Sanfilippo Found in Boy Despite Negative Urine Test, Calling Attention to Misdiagnosis Risk

Sanfilippo Found in Boy Despite Negative Urine Test, Calling Attention to Misdiagnosis Risk

An atypical case of Sanfilippo syndrome, in which symptoms were evident but urine tests proved negative, highlights the heterogeneous nature of this condition and the likelihood of an initial misdiagnosis.

The study, “Delayed speech hyperactivity, and coarse facies: Does Sanfilippo syndrome come to mind?,” was published in the Journal of Pediatric Neurosciences.

Sanfilippo syndrome, also known as mucopolysaccharidosis type IIIA, is usually associated with progressive dementia, hyperactivity, and aggressive behavior.

But diagnosing this disease can be challenging, and frequently is associated with false negative results when using urine screening tests. As such, Sanfilippo syndrome remains as an underdiagnosed cause of developmental delay both in children and adults.

Ayse Kartal, a professor in the School of Medicine at Selçuk University in Turkey, reported a case of Sanfilippo syndrome diagnosed in a 7-year-old boy.

The child came to the pediatric neurology clinic with symptoms of hyperactivity, developmental delay, speech delay, and behavioral problems that had occurred for four years. The boy was the third child of healthy, unrelated Turkish parents.

No complications during pregnancy, and no medical records of speech delay or mental retardation in the family were registered.

However, a delay in the physical and psychological development of the boy was evident early on, and confirmed by a psychiatrist. The child began antipsychotic therapy with risperidone — a medication mainly used to treat schizophrenia, bipolar disorder, and irritability in people with autism.

A detailed examination revealed mild coarse facial features characteristic of many inborn disorders, with a slight depression in the nose and protuberances in the skull (skull bossing).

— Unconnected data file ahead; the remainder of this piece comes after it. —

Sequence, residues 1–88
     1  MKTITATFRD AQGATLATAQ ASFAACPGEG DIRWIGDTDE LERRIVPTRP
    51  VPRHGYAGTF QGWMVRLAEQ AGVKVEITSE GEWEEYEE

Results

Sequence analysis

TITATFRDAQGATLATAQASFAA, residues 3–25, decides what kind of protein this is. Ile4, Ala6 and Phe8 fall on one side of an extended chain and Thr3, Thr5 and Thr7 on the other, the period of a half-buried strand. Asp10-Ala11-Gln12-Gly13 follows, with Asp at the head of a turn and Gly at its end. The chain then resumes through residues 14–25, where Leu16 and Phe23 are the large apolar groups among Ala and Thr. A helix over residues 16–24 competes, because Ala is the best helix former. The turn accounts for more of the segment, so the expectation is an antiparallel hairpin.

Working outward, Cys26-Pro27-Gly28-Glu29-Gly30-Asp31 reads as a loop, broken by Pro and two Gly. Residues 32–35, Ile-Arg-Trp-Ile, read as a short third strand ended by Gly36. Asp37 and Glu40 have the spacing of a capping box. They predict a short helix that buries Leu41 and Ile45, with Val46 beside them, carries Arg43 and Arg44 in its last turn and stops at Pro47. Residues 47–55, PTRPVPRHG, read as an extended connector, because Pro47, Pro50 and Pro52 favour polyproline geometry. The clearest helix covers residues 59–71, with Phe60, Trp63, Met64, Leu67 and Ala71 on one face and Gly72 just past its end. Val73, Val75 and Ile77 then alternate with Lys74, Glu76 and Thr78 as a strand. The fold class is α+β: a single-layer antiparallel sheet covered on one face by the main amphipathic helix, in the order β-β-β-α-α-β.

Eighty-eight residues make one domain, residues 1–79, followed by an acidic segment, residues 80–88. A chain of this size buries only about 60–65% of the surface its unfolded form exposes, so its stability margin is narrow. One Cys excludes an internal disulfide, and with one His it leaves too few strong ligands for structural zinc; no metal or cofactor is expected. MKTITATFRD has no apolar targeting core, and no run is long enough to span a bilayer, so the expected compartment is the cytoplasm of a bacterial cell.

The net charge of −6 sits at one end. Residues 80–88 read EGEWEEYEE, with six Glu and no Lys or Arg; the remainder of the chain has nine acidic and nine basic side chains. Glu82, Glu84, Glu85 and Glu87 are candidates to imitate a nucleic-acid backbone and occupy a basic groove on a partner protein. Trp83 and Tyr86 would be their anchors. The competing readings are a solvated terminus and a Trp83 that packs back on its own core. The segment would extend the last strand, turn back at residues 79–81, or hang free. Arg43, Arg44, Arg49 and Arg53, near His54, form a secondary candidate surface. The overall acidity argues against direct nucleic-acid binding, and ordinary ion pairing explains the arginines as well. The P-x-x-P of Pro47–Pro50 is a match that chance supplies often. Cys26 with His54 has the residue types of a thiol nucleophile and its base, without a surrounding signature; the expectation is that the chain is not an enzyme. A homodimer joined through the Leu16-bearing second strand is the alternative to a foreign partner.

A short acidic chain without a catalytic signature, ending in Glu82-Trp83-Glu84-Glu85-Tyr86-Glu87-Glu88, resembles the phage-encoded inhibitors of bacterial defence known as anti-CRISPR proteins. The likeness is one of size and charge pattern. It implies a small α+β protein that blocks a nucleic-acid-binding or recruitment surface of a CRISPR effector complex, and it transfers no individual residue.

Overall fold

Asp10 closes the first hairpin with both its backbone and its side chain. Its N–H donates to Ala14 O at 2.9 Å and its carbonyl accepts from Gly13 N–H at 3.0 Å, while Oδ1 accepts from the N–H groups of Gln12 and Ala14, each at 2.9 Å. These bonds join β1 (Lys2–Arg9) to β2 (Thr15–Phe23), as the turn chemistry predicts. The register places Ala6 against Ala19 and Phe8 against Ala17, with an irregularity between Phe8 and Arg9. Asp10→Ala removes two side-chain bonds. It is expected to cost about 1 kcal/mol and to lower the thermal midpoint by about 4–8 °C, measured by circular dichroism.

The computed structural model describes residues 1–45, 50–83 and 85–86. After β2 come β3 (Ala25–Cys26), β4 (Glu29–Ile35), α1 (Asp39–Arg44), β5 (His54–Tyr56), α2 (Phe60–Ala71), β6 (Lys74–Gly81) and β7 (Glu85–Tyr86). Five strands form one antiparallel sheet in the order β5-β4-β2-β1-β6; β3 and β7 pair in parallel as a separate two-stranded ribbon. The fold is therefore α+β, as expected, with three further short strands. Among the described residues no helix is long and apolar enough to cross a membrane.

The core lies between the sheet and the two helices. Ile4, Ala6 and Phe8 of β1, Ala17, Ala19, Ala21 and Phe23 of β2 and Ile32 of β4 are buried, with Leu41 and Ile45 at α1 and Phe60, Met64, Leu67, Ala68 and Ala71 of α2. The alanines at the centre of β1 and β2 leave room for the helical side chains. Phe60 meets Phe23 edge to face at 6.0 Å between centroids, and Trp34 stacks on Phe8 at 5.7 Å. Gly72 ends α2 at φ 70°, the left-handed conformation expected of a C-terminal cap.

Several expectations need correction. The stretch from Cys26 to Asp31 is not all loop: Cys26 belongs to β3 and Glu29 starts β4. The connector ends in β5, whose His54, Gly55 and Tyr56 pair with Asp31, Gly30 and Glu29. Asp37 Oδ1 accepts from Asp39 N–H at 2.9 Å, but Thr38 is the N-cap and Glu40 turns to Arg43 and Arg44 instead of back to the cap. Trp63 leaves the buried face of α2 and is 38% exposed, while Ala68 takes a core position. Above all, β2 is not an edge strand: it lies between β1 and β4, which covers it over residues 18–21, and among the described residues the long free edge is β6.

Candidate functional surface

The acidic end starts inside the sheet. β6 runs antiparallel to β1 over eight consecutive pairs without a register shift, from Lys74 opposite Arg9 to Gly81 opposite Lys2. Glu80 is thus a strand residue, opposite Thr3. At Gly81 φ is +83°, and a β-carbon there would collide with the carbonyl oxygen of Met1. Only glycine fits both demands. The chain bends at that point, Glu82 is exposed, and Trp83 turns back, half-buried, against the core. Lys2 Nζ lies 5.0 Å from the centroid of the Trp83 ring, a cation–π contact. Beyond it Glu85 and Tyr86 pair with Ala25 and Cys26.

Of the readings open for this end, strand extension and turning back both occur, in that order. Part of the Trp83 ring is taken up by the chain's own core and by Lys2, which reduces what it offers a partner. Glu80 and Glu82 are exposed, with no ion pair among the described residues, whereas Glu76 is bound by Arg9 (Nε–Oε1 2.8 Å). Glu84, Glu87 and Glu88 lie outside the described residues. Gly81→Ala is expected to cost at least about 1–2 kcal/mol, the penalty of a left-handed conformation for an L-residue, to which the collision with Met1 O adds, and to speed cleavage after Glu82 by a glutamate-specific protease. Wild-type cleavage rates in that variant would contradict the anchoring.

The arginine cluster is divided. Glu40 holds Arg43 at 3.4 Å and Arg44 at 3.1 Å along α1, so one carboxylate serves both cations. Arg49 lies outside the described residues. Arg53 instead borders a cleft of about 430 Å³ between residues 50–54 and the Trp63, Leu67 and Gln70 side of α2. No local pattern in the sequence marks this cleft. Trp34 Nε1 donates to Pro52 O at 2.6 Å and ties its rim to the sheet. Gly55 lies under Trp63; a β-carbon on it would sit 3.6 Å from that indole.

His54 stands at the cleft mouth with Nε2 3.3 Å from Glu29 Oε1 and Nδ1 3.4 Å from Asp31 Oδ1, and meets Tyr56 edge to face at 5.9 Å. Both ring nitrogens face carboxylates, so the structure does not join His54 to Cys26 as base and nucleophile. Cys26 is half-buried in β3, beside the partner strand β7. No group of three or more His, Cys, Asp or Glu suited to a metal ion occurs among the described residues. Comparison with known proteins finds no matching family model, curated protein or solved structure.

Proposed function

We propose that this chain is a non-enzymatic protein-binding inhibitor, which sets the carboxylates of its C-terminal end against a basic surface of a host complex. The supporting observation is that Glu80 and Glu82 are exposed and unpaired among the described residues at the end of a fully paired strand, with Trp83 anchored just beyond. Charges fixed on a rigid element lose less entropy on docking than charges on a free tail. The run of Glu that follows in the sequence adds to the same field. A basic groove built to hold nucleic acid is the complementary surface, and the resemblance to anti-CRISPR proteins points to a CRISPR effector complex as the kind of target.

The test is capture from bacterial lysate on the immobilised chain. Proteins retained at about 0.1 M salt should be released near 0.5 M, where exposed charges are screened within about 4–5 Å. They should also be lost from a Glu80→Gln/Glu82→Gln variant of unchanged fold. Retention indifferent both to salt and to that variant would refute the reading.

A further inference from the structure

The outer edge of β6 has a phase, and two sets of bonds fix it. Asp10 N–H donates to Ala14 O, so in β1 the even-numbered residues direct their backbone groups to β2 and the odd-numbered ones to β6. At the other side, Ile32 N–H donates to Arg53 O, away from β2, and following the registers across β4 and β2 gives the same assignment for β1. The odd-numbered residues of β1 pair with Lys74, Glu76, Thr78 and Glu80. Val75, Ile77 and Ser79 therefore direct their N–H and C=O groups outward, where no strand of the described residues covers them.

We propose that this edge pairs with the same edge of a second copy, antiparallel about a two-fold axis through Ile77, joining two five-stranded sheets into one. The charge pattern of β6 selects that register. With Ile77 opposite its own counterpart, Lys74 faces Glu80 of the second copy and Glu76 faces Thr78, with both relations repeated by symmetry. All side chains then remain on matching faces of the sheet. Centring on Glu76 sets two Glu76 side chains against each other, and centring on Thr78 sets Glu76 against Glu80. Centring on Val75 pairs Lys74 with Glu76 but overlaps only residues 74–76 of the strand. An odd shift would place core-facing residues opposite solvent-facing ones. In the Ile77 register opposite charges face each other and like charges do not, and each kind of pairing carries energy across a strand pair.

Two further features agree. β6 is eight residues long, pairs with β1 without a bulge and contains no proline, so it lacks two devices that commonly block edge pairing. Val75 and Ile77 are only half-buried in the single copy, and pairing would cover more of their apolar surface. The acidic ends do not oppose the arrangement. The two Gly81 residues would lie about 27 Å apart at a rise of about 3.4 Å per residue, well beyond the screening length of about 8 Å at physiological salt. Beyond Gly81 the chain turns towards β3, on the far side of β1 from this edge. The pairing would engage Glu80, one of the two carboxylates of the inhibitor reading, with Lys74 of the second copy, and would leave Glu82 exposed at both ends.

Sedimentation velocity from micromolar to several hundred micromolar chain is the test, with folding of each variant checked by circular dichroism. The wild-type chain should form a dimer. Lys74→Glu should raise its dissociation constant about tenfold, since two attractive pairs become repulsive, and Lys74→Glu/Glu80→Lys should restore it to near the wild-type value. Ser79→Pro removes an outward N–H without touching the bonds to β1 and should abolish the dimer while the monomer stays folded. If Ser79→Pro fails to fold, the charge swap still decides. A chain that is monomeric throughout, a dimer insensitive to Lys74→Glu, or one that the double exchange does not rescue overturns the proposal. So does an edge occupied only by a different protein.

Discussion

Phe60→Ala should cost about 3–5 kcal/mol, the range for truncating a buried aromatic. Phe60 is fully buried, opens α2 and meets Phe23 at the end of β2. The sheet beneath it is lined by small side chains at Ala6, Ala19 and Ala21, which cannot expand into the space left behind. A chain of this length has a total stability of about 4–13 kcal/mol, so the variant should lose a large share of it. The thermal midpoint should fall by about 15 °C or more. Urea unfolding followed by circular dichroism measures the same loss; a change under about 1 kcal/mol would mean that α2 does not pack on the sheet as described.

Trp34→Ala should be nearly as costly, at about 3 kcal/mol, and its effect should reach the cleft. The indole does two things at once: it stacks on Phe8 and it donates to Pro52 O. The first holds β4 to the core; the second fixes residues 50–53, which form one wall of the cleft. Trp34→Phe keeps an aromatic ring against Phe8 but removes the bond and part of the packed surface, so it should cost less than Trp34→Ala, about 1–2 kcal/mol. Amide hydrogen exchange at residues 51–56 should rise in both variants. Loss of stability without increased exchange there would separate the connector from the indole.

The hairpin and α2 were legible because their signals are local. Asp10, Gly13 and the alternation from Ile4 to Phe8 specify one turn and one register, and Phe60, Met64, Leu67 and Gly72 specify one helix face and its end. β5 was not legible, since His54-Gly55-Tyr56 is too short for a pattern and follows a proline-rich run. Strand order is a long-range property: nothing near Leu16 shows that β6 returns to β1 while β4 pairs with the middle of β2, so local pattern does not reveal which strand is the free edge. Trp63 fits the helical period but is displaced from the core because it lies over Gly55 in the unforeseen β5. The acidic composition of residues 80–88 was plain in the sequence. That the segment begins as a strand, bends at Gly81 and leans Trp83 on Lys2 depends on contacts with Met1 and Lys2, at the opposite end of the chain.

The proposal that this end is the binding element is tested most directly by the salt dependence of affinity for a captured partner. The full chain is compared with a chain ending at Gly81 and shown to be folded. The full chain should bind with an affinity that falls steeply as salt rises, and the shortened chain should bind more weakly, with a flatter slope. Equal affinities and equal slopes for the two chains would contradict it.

Neurological analysis reported mild speech disability and progressive hyperactivity. Alterations in the boy’s brain structure were observed using magnetic resonance imaging (MRI).

A possible diagnosis of Sanfilippo syndrome was suspected, but laboratory examination showed normal urine levels of glycosaminoglycans (GAGs), the most common test used to diagnose the disease. GAGs are a specific type of large sugar that in Sanfilippo syndrome accumulate within cells and tissues, damaging cells in multiple organs.

Blood analysis dictated the final Sanfilippo diagnosis, as no activity of the protein sulfamidase — responsible for breaking and clearing GAGs — was detected in the boy’s white blood cells.

The author  recommends screening for the disease in all patients with unexplained retardation in physical and psychological development, and progressive hyperactivity.

“The phenotypic spectrum of mucopolysaccharidosis III is less prominent than other MPS types and can result in a confusing clinical presentation; the diagnostic procedure can be challenging and often protracted,” Kartal concluded.

“Therefore, MPS III should be included in the differential diagnosis of developmental delay, especially in combination with coarse facies and previously described findings on MRI,” she added.

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